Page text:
Righteous door-slamming and peevish name-calling does not seem an adult method of resolving this dispute.

The proponents of proportional representation will recognize how entrenched opinions can deny and misinform when their beliefs are challenged. The art of compromise is diminished in today’s climate of identity group think.

We are denying ourselves the benefit of exceptionalism by adopting gated mindsets.

The ranks of the undeservingly privileged are not exclusive to those who are defined as right- or left-wing, rich or poor. It has been proven a decent audit system would eliminate most inequities.

Alas, in spite of successes elsewhere, the double standard rules even when detrimental to our health.

Russell Thompson

Pandemic ideal time to do roadwork

Now would be a good time to be filling potholes and repaving roads since there is little traffic to be disrupted and folks who have lost jobs need work.

Ann Lohner

It’s time to tax the disproportionately rich

In light of the impending colossal government debt, and the need to support those with little income, and less equity, hopefully some sanity might prevail, to tax disproportionate incomes that have become the norm, to tax the incomes of multi-million-dollar earners and to do something about the offshore tax avoidance schemes long reported in the Panama Papers.

Despite the apparent marginal generosity of people, and companies, who have acquired such unbelievable wealth, why should such a small proportion of people own so much, and what the hell can they possibly do sitting on it?

Time to share for those who won’t be suffering.

G.R. Greig

An upside to the dandelion cull

Re: “Strange new word — flattening the curve, one dandelion at a time,” Jack Knox, April 5.

Jack clearly missed the true essence of having to cull all 268 of those lovely dandelions. I can recall as a teenager in the mid-1960s being asked by my mother to go down to the park on the Gorge near where we lived and pick dandelions. She gave them a good wash, placed them in a large rubber bin, added water, sugar, yeast and slices of lemons to make dandelion wine. After the fermentation stage, she would bottle it for consumption in the fall. It was nectar of the gods!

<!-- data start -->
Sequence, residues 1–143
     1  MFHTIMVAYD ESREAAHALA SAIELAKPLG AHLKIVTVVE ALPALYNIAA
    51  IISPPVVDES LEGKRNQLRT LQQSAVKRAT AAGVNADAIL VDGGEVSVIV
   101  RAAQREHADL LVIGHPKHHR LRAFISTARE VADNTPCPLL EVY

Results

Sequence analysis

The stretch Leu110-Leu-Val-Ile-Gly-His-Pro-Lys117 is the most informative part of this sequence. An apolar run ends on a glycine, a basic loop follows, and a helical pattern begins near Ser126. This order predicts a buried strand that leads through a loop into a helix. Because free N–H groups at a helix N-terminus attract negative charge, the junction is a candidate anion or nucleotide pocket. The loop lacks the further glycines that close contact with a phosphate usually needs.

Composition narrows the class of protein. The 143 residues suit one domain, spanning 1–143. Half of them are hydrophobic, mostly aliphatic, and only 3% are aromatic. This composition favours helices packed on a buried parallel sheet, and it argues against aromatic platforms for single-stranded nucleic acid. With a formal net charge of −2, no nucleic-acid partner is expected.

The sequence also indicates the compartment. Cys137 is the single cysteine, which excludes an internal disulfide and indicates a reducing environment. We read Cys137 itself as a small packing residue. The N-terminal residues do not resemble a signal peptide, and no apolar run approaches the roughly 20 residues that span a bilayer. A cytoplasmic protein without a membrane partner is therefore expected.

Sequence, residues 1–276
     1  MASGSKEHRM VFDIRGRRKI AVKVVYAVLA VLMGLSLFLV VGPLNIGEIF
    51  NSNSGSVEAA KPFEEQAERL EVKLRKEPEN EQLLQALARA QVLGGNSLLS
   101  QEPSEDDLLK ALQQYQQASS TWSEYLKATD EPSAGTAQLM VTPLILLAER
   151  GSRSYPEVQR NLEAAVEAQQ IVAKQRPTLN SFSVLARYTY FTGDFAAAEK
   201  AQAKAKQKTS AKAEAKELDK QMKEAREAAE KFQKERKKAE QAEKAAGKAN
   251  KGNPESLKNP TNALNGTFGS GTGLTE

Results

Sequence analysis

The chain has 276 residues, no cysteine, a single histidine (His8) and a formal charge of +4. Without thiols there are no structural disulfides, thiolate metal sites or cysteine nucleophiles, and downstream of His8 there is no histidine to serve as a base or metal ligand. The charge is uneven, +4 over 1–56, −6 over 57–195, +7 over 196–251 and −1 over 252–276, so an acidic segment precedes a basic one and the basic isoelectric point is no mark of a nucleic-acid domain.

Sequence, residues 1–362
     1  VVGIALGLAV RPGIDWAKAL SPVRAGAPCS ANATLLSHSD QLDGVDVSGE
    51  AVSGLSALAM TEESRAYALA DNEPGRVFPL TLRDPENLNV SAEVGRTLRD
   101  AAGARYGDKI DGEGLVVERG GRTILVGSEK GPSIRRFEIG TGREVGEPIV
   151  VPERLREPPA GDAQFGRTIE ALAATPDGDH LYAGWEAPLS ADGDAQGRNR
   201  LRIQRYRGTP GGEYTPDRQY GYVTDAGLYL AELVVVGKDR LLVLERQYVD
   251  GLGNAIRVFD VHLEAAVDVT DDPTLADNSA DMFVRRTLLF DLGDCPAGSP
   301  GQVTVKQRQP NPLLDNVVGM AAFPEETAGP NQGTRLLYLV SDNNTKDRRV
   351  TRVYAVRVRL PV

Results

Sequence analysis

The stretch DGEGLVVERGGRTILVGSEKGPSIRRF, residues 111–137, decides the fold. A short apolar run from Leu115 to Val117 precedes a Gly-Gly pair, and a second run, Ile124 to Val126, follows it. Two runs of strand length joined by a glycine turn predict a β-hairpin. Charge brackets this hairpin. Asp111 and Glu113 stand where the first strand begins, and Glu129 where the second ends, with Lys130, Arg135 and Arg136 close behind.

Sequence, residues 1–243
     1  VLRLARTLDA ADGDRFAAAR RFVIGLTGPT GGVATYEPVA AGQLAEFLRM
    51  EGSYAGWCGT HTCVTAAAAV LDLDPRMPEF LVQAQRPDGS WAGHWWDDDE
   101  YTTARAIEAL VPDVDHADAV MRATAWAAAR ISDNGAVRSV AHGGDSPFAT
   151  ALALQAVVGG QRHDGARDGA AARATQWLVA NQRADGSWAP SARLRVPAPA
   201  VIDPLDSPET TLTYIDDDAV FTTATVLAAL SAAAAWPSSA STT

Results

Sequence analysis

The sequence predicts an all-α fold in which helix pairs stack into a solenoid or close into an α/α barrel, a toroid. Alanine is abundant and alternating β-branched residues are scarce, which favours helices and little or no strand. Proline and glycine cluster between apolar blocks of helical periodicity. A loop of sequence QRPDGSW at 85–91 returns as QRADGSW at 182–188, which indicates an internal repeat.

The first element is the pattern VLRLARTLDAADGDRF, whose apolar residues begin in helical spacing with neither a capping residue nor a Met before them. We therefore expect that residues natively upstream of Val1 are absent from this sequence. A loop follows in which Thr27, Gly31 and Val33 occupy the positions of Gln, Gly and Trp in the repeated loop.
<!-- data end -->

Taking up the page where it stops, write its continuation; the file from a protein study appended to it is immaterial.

Shirley Waldon

Don’t travel to Gulf Islands

As the long weekend and summer approaches people will want to visit the Gulf Islands. Please don’t. Nothing is open. Fresh produce and other grocery items are limited. Islanders are self-isolating and doing their best to keep themselves, their families and neighbours safe.

An outbreak would be devastating.

Once this is over, we will welcome you back with the hospitality you have come to know.

But, for now, please help us by staying away so we can stay healthy.

Audrey Stibbe
Pender Island

Will ICBC lower rates as road risk drops?

Major U.S. car insurers are refunding millions of dollars to customers stuck at home during the COVID-19 shutdown as these insurers have seen a dramatic drop in accident rates as drivers stay home and off the roads. As this reduces risk exposure to the insurers, they rightly decided that drivers deserve premium relief.

As the same risk conditions apply in B.C., when will ICBC and private insurers mirror this responsible policy? I am not holding my breath.

Nigel Giuliany

Send us your letters

• Email:

• Mail: Letters to the editor, Times Colonist, 2621 Douglas St., Victoria, B.C. V8T 4M2.

Letters should be no longer than 250 words and may be edited for length, legality or clarity. Include your full name, address and telephone number. Please avoid sending letters as an email attachment.